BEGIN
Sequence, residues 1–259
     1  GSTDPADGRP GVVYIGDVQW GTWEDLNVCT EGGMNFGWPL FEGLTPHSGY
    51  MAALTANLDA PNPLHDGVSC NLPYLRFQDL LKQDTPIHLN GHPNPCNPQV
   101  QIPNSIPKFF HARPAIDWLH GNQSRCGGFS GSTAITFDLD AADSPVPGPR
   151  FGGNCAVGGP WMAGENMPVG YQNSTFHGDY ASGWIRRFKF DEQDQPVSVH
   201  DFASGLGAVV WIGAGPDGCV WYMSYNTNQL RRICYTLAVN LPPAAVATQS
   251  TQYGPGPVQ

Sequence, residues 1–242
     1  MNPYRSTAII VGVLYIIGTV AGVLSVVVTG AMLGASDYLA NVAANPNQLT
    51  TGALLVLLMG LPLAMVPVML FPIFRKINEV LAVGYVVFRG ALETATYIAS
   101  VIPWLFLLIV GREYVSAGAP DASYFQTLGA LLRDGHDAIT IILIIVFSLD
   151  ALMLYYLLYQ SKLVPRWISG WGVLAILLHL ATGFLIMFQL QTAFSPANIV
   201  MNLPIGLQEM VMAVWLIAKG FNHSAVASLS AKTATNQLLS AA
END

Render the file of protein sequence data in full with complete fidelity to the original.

Sequence, residues 1–259
     1  GSTDPADGRP GVVYIGDVQW GTWEDLNVCT EGGMNFGWPL FEGLTPHSGY
    51  MAALTANLDA PNPLHDGVSC NLPYLRFQDL LKQDTPIHLN GHPNPCNPQV
   101  QIPNSIPKFF HARPAIDWLH GNQSRCGGFS GSTAITFDLD AADSPVPGPR
   151  FGGNCAVGGP WMAGENMPVG YQNSTFHGDY ASGWIRRFKF DEQDQPVSVH
   201  DFASGLGAVV WIGAGPDGCV WYMSYNTNQL RRICYTLAVN LPPAAVATQS
   251  TQYGPGPVQ

Sequence, residues 1–242
     1  MNPYRSTAII VGVLYIIGTV AGVLSVVVTG AMLGASDYLA NVAANPNQLT
    51  TGALLVLLMG LPLAMVPVML FPIFRKINEV LAVGYVVFRG ALETATYIAS
   101  VIPWLFLLIV GREYVSAGAP DASYFQTLGA LLRDGHDAIT IILIIVFSLD
   151  ALMLYYLLYQ SKLVPRWISG WGVLAILLHL ATGFLIMFQL QTAFSPANIV
   201  MNLPIGLQEM VMAVWLIAKG FNHSAVASLS AKTATNQLLS AA